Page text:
Roël de Leede – Senior Policy Maker Water and Sewerage at the municipality of Vlaardingen, the Netherlands.
Vlaardingen is a municipality in the Dutch province of South Holland, having approximately 72,000 inhabitants. The municipality is responsible for operating and maintaining the public space and requires insight in the state of its objects for fulfilling this task. Since the municipality is located in the soft soil region of the Netherlands, it is strongly affected by ground subsidence. This is impacting the speed with which the public space degrades, leading to frequent maintenance and heightening of the ground level.
An underground job
Roël de Leede is employed by Vlaardingen as Senior Policy Maker Water and Sewerage. In this fashion, he is jointly responsible for the prioritization of sewerage and road maintenance. Next to this, he is working on water management and mitigating climate change effects, such as the summertime droughts that are occurring more and more frequently in the Netherlands. His goal is to be the invisible force behind the scenes, taking care of the municipal maintenance in a way that the inhabitants experience the highest level of comfort with the lowest amount of inconveniences. So this is literally and figuratively an underground job!
Maintenance often causes inconvenience for the neighboring residents.
Insufficient information from soil maps
Subsidence is an important factor in the maintenance strategy of the municipality of Vlaardingen. They used to work with soil maps and models for their planning, based on low-frequent leveling measurements. Due the strong spatial variability in subsidence, these maps provide insufficient grounds for data-driven policy making. Because of this, the municipality was often in the dark and had to make rough estimations on the amount of subsidence in the past and towards the future. This led to higher maintenance costs and a larger amount of complaints by the residents. For example, settlements can cause broken pipes at house connections or lead to a decrease in quality of the main pipe due to fractures, cracks or open joints and connections.
An old sewer pipe that had to be replaced.
“Replacing one meter of sewer pipe easily costs €1,000 in Vlaardingen”, says Roël, “so this is something that we only want to do when it is absolutely necessary”. On top of this, the maps they used to have only provided them with an indirect indication of subsidence; they do not, for example, take into account the effects of the ground water table on the settlement rate.
“Ideally we replace sewer pipes the day before they collapse”
InSAR data for the municipality
Therefore, there is a great demand from Vlaardingen for data on the actual subsidence that occurred in the municipality. As Roël says: “Ideally we replace sewer pipes the day before they collapse.” This is the reason why Vlaardingen contacted Sensar. With our satellite-based measurements, Vlaardingen has access to detailed insights on the subsidence that occurred in the municipality since 2015, allowing them to make object-level decision on the future maintenance prioritization. Next to that, the data provides input on which fill material to use when raising the ground. The real estate department at Vlaardingen also uses the deformation map. They work on topics such as value estimation of buildings and signaling houses with potential foundation problems. On top of that, Vlaardingen wants to use this data to focus more on informing residents, as is described in the renewed Dutch environmental code.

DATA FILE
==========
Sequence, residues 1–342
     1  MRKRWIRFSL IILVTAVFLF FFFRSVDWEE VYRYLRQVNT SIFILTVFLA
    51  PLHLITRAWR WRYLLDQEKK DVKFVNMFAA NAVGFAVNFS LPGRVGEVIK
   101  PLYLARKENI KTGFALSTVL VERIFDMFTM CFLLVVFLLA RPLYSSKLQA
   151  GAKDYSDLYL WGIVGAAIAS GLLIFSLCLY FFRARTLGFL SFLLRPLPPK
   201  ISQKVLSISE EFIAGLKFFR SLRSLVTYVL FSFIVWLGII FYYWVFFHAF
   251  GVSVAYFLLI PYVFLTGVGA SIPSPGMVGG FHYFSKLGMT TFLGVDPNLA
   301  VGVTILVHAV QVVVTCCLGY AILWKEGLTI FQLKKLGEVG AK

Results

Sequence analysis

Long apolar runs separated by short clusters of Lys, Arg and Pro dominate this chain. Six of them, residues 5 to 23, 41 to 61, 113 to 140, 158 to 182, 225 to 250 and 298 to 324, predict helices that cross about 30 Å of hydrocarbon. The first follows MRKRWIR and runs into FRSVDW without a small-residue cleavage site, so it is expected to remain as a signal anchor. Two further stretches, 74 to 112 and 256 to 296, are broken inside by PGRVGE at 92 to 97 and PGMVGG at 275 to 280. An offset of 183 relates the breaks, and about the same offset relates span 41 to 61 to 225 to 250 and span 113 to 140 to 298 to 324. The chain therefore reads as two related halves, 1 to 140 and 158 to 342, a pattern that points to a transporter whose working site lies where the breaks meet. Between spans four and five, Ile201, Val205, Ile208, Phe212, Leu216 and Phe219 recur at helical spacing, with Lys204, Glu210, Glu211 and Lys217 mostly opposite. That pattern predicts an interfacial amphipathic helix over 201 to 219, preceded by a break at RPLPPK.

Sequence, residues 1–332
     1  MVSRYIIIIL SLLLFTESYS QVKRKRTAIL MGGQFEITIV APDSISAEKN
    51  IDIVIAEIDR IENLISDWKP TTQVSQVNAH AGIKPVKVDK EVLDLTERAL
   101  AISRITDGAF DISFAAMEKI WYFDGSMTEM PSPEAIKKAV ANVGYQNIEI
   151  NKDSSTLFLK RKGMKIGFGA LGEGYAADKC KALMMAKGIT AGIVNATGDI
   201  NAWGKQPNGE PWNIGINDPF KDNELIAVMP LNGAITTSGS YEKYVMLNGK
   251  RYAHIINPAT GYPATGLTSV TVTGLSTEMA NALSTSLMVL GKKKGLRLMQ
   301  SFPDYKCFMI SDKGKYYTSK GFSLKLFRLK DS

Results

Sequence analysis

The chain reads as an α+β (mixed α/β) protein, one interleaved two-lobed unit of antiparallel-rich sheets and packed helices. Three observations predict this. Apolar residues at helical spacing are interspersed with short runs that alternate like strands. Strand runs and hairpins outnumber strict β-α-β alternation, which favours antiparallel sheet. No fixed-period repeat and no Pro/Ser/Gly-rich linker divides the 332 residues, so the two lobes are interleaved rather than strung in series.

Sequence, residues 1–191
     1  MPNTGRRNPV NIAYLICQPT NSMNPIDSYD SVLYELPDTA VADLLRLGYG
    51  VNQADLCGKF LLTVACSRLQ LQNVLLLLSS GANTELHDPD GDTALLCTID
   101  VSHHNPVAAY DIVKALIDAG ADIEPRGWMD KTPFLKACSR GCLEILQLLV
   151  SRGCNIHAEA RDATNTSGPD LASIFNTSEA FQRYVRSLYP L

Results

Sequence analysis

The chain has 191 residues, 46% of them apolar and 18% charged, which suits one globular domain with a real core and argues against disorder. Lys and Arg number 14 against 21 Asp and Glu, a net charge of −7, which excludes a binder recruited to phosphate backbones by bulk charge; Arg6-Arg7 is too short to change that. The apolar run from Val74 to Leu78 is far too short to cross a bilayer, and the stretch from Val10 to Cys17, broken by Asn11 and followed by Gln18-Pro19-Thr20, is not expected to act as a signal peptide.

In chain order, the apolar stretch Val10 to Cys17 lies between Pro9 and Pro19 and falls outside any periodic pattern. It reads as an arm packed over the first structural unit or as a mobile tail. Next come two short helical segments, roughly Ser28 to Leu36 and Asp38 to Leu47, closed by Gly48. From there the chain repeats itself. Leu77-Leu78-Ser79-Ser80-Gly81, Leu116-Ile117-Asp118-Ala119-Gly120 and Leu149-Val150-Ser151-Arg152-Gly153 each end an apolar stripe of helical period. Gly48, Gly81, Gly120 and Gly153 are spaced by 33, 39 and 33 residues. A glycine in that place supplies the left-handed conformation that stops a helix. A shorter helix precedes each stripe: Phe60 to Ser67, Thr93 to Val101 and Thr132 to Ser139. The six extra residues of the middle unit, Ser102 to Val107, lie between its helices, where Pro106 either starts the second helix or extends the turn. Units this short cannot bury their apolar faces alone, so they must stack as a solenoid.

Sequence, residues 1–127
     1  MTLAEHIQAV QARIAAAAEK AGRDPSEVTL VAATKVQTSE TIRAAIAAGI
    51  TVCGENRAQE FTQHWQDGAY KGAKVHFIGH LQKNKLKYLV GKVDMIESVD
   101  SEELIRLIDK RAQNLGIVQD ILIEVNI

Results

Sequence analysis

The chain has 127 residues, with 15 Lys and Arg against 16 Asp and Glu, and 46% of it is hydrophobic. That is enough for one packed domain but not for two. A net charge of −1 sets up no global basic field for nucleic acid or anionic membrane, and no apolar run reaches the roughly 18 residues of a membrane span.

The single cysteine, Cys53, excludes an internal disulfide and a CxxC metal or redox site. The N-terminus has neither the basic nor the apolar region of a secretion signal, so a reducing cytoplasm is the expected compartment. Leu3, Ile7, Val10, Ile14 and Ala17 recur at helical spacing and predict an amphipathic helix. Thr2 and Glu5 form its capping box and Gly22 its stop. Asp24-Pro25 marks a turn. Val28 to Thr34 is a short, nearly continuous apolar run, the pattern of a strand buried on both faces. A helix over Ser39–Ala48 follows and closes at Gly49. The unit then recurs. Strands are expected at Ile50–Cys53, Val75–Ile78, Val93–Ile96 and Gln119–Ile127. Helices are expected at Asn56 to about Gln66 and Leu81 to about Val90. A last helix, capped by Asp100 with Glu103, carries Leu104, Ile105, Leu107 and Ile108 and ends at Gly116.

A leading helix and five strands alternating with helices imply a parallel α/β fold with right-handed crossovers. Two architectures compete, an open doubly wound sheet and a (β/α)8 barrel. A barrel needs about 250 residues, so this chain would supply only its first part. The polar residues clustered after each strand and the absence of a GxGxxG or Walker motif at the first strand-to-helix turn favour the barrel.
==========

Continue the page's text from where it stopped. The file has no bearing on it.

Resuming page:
The subsidence in the municipality of Vlaardingen, visualized per neighborhood.
Drought stress test
In order to improve the insights in the effects of drought on subsidence of the public space, Vlaardingen, Sensar and engineering firm Wareco joined forces in a drought stress test. In this test, the deformations that occurred during the extremely dry summer of 2018 were compared to the numbers during other summers. It appeared that the ground endured up to 5mm of additional subsidence due to the drought! This effect was not limited to strong subsiding neighborhoods, but was also visible in the normally relatively stable parts of the city. In some instances, it was even possible to correlate the water-extracting effect of trees with a higher settlement rate.
“By prioritizing only a few sewer pipes in a smarter way, I can already repay the costs of the service.”
All in all, satellite-based subsidence data saves Vlaardingen a lot of money and also ensures a better and more proactive service towards its inhabitants. The advantages are mainly in the more precise estimation of the moment of maintenance and the early detection of high-risk locations. “By prioritizing only a few sewer pipes in a smarter way, I can already repay the costs of the service”, says Roël. By using our data, the municipality of Vlaardingen now has a data-driven and smart prioritization for maintenance of the public space!